rundown of Michigan's riser
jeremy gallon looks like snoop from the wire
During a wee hours period break of a wee hours Wings game last weekend, I ended up in a conversation about the #1 jersey and who might be the next player to wear it. The guy was really high on Chesson or Drake Harris or some future giant; I was like thatsracist.gif because the best receiver since Braylon is on the roster RIGHT NOW
Unless you’re just categorically against changing numbers for seniors (which I totally understand in all circumstances but this), if we’re truly honoring elite receivers with the 1 jersey it could be time we give it to Jeremy Gallon. The case against: is 5’8, has always been just mediocre at returning punts and kicks, is 5’8, took some time to work his way up the depth chart, would ideally be a slot receiver because he’s 5’8. The case for: is secretly 8 feet tall, among his various Inspector Gadget peripherals is a cloaking device that saved Under the Lights I, and the WAR stat for receivers says he’s the best in the conference by a wide margin.
When I was doing the receivers pages of HTTV last week I went looking for some more advanced stats to put in tables aside from the usual Bentley things like receptions, yards, TDs, games played, and what you can get by dividing those things together. I remembered cfbstats’s Marty Couvillan last year made all of those targeting data available to the public, with an assist from Bill Connelly of Football Study Hall.*
What Marty did is took that play by play ticker information that the NCAA makes available, and through some ninja text-to-columns work, managed to pull out data for when each receiver was targeted. This is groundbreaking work in receiver stats, knowing what happens whenever a ball is thrown in the direction of a player. It still doesn’t say how well it was thrown, how deep if it wasn’t caught, or how many defenders had to be shooed off, but until we have official scorers UFR-ing every game this is about the best we can get. Guys like Bill began building their own stats out of the new data and came up with YRPR, which formula is:
The % of your team’s targets you receive
Times how many yards you average per pass thrown in your direction
Times an adjustment for the rest of your team’s passing game so we don’t just get the guys with great QBs and lines
Times an adjustment for how often your team passes, so that we don’t just award wide open receivers on run-heavy teams, e.g. Roundtree 2010.
And what it said was…
2012 Big Ten Receivers by YRPR:
|Rk||Name||Targets||Catch Rate||School||Rk (FBS)||YRPR|
|6||Corey Brown||85||70.6%||Ohio State||52||118.22|
|7||Devin Smith||58||51.7%||Ohio State||73||109.21|
I know what you’re thinking: that top five includes three of the receivers I drafted in last year’s Draft o’ Snark, and my fourth is in the Top 10. That and our tiny receiver who looks like Snoop was best in the conference and 14th in the nation. Not “one of the best after Allen Robinson and Kenny Bell and Jared Abbrederis and those Ohio State and Indiana guys,” but best-best.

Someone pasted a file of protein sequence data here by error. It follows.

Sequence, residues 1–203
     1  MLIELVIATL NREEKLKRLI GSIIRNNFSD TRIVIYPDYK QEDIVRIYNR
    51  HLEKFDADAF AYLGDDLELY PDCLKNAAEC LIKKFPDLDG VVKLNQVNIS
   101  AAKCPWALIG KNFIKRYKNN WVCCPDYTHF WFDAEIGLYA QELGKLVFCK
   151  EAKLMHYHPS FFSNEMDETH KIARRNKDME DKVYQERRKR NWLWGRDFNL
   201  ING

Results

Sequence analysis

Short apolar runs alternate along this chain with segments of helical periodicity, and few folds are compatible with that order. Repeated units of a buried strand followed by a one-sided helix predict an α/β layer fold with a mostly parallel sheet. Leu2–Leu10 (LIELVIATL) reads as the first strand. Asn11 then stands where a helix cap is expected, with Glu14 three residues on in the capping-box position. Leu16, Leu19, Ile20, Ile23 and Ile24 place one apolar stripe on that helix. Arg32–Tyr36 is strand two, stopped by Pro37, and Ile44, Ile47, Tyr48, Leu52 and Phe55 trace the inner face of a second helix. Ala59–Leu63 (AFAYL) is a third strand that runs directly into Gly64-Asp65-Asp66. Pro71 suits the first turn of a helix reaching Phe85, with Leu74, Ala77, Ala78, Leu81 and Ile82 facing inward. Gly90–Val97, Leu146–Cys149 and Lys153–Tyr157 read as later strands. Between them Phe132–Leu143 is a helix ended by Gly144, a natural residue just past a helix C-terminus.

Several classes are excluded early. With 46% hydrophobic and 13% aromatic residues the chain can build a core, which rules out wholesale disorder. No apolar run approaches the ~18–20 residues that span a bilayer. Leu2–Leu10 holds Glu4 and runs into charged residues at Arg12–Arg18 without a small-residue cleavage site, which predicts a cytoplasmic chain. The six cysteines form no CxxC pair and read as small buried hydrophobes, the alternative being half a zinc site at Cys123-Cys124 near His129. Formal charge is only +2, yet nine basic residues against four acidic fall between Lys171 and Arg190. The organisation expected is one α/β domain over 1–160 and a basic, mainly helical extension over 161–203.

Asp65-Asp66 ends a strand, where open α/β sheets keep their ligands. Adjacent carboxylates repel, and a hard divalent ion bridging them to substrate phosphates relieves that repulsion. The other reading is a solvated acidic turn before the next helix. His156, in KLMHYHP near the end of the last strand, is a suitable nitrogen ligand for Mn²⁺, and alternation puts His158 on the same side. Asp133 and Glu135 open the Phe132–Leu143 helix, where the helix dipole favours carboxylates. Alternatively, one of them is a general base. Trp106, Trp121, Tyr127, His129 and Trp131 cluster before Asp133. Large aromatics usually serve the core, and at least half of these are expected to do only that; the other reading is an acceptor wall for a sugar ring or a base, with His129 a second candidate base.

Nationally Gallon was one spot behind West Virginia’s Tavon Austin, also a 5’8 mite, also the first receiver taken in this year’s NFL Draft. In fact most of the guys above Gallon were drafted this year—only USC’s Marqise Lee, SJ State’s Noel Grigsby, Bama’s Amari Cooper, Vanderbilt’s Jordan Mathews, and Fresno State’s Davante Adams return among those who finished above Jeremy Gallon in this metric.
When Brian gets to the receiver previews later this offseason he will undoubtedly point out that Gallon blew up after Gardner stepped in, projecting to Braylon-like numbers if you extrapolate the Gardner starts across an entire season. Well, the advanced stats guys took his entire year and said he’s Tavon Austin.
* [Where’s LSAClassof2000? Follow those links and stop writing personal diaries.]
[After the jump, how Gallon’s 2012 compared with those of past M receivers, and how the Big Ten has fared against the others]
|Roy Roundtree||Sr.*||Devin Gardner||So.*||Jeremy Gallon||Jr.*||Brandon Moore||Sr.*|
|Jeremy Jackson||Jr.||Jerald Robinson||So.*||Drew Dileo||Jr.*||AJ Williams||Fr.|
|Amara Darboh||Fr.||Ricardo Miller||So.*||--||--||Devin Funchess||Fr.|
This bit could be better. Roy Roundtree suffered more than anyone in the transition from the spread 'n' shred to the spread 'n' pasted-on-West-Coast-stuff, plummeting from 72 catches to 19. Notre Dame and Sugar Bowl savior Junior Hemingway is off to NFL practice squads as a seventh-round pick; following him out the door are Martavious Odoms (replaceable) and Kevin Koger (uh…).
In their stead Michigan will field a forest of unproven guys with limited upside, freshmen, their backup quarterback, and Jerald Robinson, the one vague hope for a high quality downfield threat who is not the backup quarterback.
It should be noted that Michigan is running the opposite of the Holgorsen style "you came here an X, you learned it in three days, you repeated it 60 times, you are forever an X" specialization offense. Jeff Hecklinski said as much last year…
"The difference in this offense is there aren't really slot receivers as much as outside receivers — they play everywhere on the field and we move them around," Hecklinski said. "The switch is big because of all the little things asked of them - they have to convert routes, pick up checks and route changes and coverages."
…and the frequent deployment of Junior Hemingway in the slot and Jeremy Gallon outside confirmed that over the course of the year. Therefore "slot" is used to denote the player who is going to get all the wide receiver screens, which will never be bubble screens.
Assertion: Junior Hemingway was the most valuable Michigan wide receiver since Braylon Edwards. Hemingway may not have been as good as Mario Manningham or even Adrian Arrington, but imagining last year without his ability to rise from a thicket of hands to snag "no no no no no no YESSSSSSSS" touchdowns is not a pleasant exercise. He is the undisputed king of yards per target since 2005. He was important.
Unfortunately, Hemingway's gone. Left behind is the mismatched collection of runty Rodriguez slot receivers, Rodriguez leapers who run like hobbled ducks, and… maybe Devin Gardner. Definitely Devin Gardner.
Aw, hell, I should probably start off talking about Roundtree and stuff but everyone wants to know about Gardner.
Yeah, man, he's going to play. Unless Jerald Robinson delivers on the perpetual low-level hype, no one else on the roster comes close to Gardner's combination of size, leaping ability, and speed. At the very least he'll frequently attempt the Terrelle Pryor "oops I'm huge" redzone fade…
…and it's hard to see him not being more than that given the alternatives. Gardner played exclusively at wide receiver at the Mott open practice, and with the first team. I've heard from multiple source since: that's no smokescreen.